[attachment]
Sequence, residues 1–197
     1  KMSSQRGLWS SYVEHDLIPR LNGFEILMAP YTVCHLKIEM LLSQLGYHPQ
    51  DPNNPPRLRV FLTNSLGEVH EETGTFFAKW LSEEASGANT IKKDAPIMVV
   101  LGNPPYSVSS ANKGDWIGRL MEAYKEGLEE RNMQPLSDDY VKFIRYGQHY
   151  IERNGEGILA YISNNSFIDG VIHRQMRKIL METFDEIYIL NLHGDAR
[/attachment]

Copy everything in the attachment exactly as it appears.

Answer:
Sequence, residues 1–197
     1  KMSSQRGLWS SYVEHDLIPR LNGFEILMAP YTVCHLKIEM LLSQLGYHPQ
    51  DPNNPPRLRV FLTNSLGEVH EETGTFFAKW LSEEASGANT IKKDAPIMVV
   101  LGNPPYSVSS ANKGDWIGRL MEAYKEGLEE RNMQPLSDDY VKFIRYGQHY
   151  IERNGEGILA YISNNSFIDG VIHRQMRKIL METFDEIYIL NLHGDAR